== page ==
ONE of the developments of the past few years is an arrangement by which writers sell their literary wares, for simultaneous serial publication, in several different countries. This is a distinct step forward, as, by this means, a vastly larger and more cosmopolitan body of readers is obtained for all meritorious material.
TRADE PENDULUM SWINGS SIGNIFICANTLY AGAIN FOR BUSINESS UPTURN
J. HERBERT HODGINS
WITH a continuance of such healthy, indices as expanding export trade, ready absorption of Canadian loans both in the domestic and New York money markets and the prospect of a 300,000,000 bushel western wheat crop to market at higher prices than a year ago, the Canadian business man enters the autumn season with a warranted confidence.
Question— Do you consider the stock of the Standard Bank a good investment for a woman? What is the present position of this bank?—M.J., Renfrew, Ont. Answer—Last year the Standard Bank had a readjustment. It wrote down its reserves by $1,250,000 to meet losses, and $1,000,000 to establish a contingent reserve. The bank is now considered to be in a sound condition. After a rather eventful year for Canadian banking the result shown by the January, 1924, report of the Standard Bank appears to be quite satisfactory.
Question—Do you consider the Confederation Life Association a safe company in which to insure? Is this considered one of the sound companies?—L.T., Sarnia, Ont. Answer—The Confederation Life Association is one of the strong insurance companies in Canada.
"I DON’T give a hoot for the usual notions, Marjorie. I can’t feel that a wife has much of a claim upon a man simply because she’s borne him a lot of babies, or scrubbed many a dish pan, or let herself go to pieces in humdrum fealty to him. It’s a very different sort of thing that counts.
Fundamentally, most of us are not crooks, but there are some queer kinks in human nature.
IT WAS quite a simple thing for a person of Slim Alf’s calm effrontery to walk into the hospital and ask to inspect the register, on the rather vague pretext that he was a lawyer looking for the address of a client in one of the wards; and once with the register in his hands, the bare space of five minutes was all he needed.
WHEN Wolver Stark saw the wild sheep fall, he thought he had lost it for good. So far as he could judge from the place at which he fired the shot, it went clean over the edge, and he concluded that the shattered hulk would not come to rest for 1,000 feet or more.
A SMALL party of Alberta celebrities was toiling, single file, up the steep ascent back of Spirit River to view the country. Zig-zagging like a snake fence down the rocky trail staggered the rough, ill-kept figure of a man. As he neared the little groups of notables he stopped, swayed dizzily before the first man in the party who drew back in horror, for the fellow’s face was smeared with blood that ran from a wound in his head and trickled off his chin.
The phantom lights startle Billy Stone again—but this time lead him closer to a solution of the amazing mystery.
BERTRAND W. SINCLAIR
MARKHAM had seen nothing more impressive than rocky shoreline backed by thickets and shadowy forest. It was ten o’clock when they got together aboard the Wasp. They rested awhile, ate luncheon, and went ashore to talk with Joe Molter about timber and land and such chances as the B.C. coast offered a man who had to make his way without much capital.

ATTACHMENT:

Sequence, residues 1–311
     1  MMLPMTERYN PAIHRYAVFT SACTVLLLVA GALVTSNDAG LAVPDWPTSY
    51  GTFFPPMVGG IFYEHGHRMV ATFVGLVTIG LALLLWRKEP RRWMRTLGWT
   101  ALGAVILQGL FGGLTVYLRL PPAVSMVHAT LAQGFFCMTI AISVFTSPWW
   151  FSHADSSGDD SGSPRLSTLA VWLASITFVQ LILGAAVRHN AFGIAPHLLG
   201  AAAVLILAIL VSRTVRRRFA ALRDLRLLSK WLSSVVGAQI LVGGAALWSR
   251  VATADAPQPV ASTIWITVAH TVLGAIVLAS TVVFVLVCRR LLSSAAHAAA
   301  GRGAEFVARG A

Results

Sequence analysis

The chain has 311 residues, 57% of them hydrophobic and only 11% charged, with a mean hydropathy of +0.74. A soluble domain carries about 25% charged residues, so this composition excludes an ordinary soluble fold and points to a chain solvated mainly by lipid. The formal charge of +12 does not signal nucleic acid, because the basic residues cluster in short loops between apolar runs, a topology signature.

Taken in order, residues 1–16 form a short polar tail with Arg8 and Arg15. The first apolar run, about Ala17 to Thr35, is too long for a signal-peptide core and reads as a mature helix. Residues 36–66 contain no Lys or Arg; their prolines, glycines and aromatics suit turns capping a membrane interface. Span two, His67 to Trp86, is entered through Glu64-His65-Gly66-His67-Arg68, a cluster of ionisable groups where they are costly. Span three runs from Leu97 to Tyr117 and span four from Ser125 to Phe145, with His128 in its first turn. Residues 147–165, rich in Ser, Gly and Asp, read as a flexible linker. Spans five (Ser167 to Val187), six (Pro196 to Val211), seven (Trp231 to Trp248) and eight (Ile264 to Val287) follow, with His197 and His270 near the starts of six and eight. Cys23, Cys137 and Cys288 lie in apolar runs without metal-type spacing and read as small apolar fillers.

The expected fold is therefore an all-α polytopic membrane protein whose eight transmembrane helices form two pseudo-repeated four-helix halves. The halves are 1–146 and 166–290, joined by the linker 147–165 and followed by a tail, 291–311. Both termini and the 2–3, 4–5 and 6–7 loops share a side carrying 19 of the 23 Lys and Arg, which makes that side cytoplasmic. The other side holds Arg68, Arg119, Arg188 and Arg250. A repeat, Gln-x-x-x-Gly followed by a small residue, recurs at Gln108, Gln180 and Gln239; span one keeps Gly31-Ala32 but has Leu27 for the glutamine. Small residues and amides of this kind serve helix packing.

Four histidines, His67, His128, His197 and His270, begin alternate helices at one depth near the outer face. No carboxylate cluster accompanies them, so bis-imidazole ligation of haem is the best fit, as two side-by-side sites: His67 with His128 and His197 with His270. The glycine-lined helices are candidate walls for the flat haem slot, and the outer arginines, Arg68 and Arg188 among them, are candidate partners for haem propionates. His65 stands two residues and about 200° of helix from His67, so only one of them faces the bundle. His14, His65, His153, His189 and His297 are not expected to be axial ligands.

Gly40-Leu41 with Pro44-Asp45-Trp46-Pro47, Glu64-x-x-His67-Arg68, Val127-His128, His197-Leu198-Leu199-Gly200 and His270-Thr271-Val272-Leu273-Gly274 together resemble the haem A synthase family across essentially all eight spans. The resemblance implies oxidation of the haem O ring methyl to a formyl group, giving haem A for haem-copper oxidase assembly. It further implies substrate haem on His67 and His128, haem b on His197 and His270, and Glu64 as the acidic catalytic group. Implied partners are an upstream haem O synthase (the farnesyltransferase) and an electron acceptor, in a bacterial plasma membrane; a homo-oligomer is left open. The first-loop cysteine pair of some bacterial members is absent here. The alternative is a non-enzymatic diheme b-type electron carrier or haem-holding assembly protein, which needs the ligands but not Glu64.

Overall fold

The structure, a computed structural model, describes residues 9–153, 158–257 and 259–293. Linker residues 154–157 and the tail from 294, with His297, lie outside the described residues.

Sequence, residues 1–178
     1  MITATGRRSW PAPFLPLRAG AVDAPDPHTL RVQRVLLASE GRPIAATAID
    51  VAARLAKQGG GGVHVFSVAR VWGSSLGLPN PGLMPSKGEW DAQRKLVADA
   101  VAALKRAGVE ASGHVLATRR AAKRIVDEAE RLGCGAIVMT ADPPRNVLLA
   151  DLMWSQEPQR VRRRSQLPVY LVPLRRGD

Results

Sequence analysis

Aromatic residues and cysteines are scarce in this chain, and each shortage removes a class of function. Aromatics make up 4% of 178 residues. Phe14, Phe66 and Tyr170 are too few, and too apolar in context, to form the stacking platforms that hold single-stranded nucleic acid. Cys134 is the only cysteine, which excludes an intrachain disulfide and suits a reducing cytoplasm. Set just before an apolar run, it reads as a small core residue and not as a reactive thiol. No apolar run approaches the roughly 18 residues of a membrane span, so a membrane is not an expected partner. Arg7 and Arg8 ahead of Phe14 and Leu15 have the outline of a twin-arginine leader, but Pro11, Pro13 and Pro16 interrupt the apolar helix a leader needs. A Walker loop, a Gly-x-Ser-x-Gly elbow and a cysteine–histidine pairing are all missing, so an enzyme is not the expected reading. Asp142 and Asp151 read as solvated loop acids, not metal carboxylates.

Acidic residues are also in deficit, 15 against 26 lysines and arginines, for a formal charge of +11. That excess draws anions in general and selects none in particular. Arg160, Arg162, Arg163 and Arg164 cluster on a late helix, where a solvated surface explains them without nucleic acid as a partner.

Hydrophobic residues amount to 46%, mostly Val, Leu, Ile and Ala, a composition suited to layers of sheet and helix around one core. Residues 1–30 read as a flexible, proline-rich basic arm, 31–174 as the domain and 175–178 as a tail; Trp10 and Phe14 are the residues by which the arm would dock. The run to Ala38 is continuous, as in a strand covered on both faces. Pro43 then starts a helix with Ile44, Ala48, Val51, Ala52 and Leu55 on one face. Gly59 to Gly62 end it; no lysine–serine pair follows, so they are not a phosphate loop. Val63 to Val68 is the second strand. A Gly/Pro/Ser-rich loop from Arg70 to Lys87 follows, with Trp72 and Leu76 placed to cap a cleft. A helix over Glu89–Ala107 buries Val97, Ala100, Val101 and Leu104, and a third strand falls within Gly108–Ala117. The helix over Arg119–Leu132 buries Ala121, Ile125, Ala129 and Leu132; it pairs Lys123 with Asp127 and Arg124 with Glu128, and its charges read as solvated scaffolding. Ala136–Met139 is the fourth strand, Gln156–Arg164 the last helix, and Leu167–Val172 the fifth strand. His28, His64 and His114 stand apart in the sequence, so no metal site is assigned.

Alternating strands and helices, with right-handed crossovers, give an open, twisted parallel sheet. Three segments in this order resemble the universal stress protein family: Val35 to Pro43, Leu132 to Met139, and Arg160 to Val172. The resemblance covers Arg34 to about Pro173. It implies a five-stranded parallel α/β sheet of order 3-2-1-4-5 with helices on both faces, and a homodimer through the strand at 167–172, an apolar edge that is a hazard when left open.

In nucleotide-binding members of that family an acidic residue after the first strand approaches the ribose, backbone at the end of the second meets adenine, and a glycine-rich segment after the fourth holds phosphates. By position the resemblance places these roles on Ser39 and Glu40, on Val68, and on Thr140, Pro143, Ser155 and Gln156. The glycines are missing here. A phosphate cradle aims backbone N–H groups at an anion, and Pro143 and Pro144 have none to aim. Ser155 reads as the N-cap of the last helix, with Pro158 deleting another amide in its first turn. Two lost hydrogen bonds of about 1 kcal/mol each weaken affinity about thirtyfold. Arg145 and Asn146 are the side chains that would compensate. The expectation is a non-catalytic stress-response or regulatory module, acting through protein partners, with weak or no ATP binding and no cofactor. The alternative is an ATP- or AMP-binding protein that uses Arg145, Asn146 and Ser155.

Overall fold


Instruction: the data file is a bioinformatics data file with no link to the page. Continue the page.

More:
MANY an interesting craft has slipped quietly out of Vancouver harbor, during its fifty years as a port, through the First Narrows, past Prospect Point, and melted into the track of the setting sun upon some mysterious quest. But it is altogether likely that no more interesting craft, or one carrying a more interesting complement, has left this port than that which left a trail of smoke behind her she passed up Point Grey upon a certain January day of the present year of grace.
CAL’S first impulse was to drive to Plainville and tell Minnie everything. He felt that he had come to an impasse in his life where he must lean on other judgment beside his own. His house of dreams had collapsed, shattered by a blow under a clear sky, a blow unheard and unseen by any neighbor, and he was writhing amid the ruins.
Protective Vacuums — The boatrocker knows he is safe. You can’t sink a head like that.—Nelson News. Funny and Sad—It’s funny about nature, making prunes more healthful than strawberries.—Toronto Star. Still Suffering—Grandma’s rheumatism used to suffer when it rained; now it is her complexion that suffers.
ANY WOMAN WITH DEFT FINGERS CAN DECORATE INEXPENSIVELY WITH BATIK
During Summer Holidays, or Those Busy Weeks Preceding Christmas, Many Charming Bits of Work May Be Created Which Will Well Repay Labor Involved.
GERTRUDE E. S. PRINGLE
"WHAT will my little Ann do when we are all away?” asked Ann’s mother, as, after parting instructions, she was about to say goodbye to her younger daughter. “I’m going to make Batiks,” exclaimed Ann happily. “You know the new family next door?” she continued.
Question—W.V.K., Ontario: I am thinking of taking a course in metallurgy and wish to know if any of the universities in Canada give a correspondence course in this subject? Answer—It is possible that Queen’s University, Kingston, might give part of this subject by correspondence, but as it is one that calls for a good deal of experimenting and laboratory work, it would be difficult, if not impossible, to cover the whole course by correspondence.
THE distinction of individuality is the sign of the well-planned home. In nothing is there a more divided opinion as to what constitutes the nearest approach to the idea than in house design. Alice cannot endure pokey places; Betty would die of loneliness in a rambling country house.